This morning I was up at 5am and out of the lodge and hiking by 6. It was a nice morning. Recently there’s been a lot of construction on the interstate so I had about a one mile road walk until I reached the trail.

I left the road and entered the forest. The trail was a smooth well-trodden dirt path. It continues north to Canada, as well as south to Mexico. Fortunately I’ve already hiked the 1717 miles north from Mexico – 935 miles remain to Canada. Every adventure begins with the first step – so here it goes – let’s see what unfolds.

Yesterday it was close to 100 degrees and, as I mentioned in the yesterday’s pre-hike post, there was a lot of smoke in the air. I was concerned that today’s hike would be hot and smoky but, to my surprise, conditions had improved. It was actually quite pleasant in the morning with a nice cool breeze from the north. The afternoon temperatures were in the low 80’s – warm but very tolerable.

I’ve always thought of Oregon as being a very green state because of all the rainfall. Therefore water should be plentiful – Wrong! Southern Oregon, at least along the PCT, is very dry and there aren’t a lot of streams or water sources for hikers. The first water source after leaving Callahan’s Lodge was 10 miles down the trail. Since I was concerned about how warm it would be I ended up carrying almost three liters of water. That’s over six pounds of water! It turned out to be more than I needed but better safe than sorry. The three liters actually lasted me all day and I didn’t need to collect anymore until I got to camp in the late afternoon.

Shortly after getting on the trail, I could see a prominent rock, called Pilot Rock, in the distance.

Pilot Rock

About five miles into the todays hike there was a side trail up to this rock.

Later in the day, I ran into a mother (Halo) and daughter (Chief) hiking the trail – they started at the Mexican border in April and have a You-Tube channel (HRC on the PCT) that I’ve been following for a couple months – it was fun running into them on my first day.

Halo & Chief

There weren’t a lot of flowers along the trail today but here’s the Flower of the Day:

Yellow Salsify

Yellow Salsify is a wildflower that’s considered an invasive weed. It’s very common along the PCT in Oregon.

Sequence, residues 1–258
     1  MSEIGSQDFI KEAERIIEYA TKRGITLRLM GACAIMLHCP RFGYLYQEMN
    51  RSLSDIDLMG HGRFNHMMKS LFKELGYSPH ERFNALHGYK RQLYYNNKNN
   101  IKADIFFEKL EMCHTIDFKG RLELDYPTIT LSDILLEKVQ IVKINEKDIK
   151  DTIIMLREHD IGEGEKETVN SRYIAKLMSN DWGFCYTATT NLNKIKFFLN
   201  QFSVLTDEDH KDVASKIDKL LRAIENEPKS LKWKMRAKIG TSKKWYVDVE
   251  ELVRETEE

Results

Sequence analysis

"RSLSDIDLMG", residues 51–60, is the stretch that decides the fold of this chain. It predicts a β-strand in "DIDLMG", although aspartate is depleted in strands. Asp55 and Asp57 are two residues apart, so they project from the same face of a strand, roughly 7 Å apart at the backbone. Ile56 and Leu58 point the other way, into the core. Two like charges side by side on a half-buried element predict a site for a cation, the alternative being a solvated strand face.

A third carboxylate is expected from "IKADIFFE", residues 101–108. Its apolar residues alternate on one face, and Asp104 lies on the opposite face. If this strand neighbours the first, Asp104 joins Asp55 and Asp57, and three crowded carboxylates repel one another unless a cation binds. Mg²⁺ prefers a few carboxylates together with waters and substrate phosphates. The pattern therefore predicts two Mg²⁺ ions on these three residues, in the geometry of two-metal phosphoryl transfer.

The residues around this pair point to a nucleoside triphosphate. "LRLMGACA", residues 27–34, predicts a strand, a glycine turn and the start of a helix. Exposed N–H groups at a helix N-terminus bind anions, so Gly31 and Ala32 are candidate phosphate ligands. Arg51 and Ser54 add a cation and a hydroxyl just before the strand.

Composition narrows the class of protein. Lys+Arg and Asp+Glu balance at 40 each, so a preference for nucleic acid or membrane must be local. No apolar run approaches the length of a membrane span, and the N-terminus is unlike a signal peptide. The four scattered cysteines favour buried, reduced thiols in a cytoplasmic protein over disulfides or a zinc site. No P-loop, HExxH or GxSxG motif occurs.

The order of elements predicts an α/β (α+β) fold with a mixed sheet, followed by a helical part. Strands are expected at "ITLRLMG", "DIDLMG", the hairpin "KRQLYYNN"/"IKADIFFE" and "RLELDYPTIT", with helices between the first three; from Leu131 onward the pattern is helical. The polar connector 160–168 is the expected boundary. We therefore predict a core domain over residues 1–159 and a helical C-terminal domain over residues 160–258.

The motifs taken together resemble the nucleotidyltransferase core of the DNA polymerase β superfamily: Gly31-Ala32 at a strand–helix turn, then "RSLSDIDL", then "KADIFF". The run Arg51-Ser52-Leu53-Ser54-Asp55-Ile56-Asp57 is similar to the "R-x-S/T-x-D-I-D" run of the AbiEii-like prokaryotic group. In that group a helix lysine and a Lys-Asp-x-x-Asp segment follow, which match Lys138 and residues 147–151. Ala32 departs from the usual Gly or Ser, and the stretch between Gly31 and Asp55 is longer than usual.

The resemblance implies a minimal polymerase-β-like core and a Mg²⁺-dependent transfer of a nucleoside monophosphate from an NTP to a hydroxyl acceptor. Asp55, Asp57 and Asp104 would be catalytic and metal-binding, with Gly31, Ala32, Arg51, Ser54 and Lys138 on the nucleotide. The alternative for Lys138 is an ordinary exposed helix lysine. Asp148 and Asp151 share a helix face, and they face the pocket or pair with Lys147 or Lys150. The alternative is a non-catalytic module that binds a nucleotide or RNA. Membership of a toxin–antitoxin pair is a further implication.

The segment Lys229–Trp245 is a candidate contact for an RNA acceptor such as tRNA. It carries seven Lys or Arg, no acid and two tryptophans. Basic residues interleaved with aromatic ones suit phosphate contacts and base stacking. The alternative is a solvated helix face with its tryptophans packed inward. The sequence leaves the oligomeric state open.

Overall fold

Most of today’s hike was through the forest – it made for a nice first days walk.

Late in the afternoon the trail (red below) makes a big horseshoe bend in the trail. Many hikers were taking a dirt road as a short cut (yellow below) which saves about two miles of walking. I took the shortcut. PCT purists have to walk every foot of the trail. Others, like myself, want to hike a “continuous footpath” to Canada, so shortcuts or alternate routes are ok.

Shortcut

Finally I reached the campground where I would be spending the night. The campground actually had showers – what a luxury! It was a good first day.

Day 1 Recap

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Time To Hike

Today I flew to Medford, Oregon and then took an Uber to Callahan’s Lodge. This is where I ended my hike last summer. It’s only a few miles north of California. Tomorrow I resume my quest to hike 🥾🥾🥾 from Mexico to Canada along the Pacific Crest Trail.

Callahan’s Lodge is just off the trail at mile marker 1718. The Canadian border is at mile 2653. So there are approximately 935 trail-miles left to reach the Northern Border. I hope to complete these remaining miles by Labor Day.

I’m very excited that my daughter Sydney, who lives in Seattle and is completing a Masters program at the University of Washington, will be joining me to hike the PCT through the state of Washington. It will be good to have four feet on this path again – what a great way to finish! Thanks Sydney!

August 2020

As I flew into Medford this afternoon, I was surprised at how smoky it was. Apparently there are already (it’s early in the season!) several fires burning in Northern California and Oregon, including a large fire near Mt. Shasta. I’ve never worried about fires before while hiking but this year fires are my biggest concern – not for my safety but because of how fires can impact the hiking experience (views, air quality, trail closures, etc).

Also this year I’ve committed to recording more video – here’s an example:

And another one:

And lastly

Donna at Mile 200 (2018)

That’s all for now folks – I’ll be back on the trail early tomorrow morning in hopes of beating the heat🌞🥵. I’ll post again as soon as I have wifi. Thanks for following.

Day 31: Bittersweet

PCT Mile 1702.6 to 1717.7

Miles Hiked = 15.1

The lightening, thunder and rain blew through last night and I was happy to see another morning with blue skies. I was hiking by 7:15am.

As I hiked this morning, I had bittersweet feelings. I was sad that today was my last “official” day of PCT hiking this summer. But I was looking forward to seeing Donna tomorrow as well as the kids and grandkids in a few days in Bend.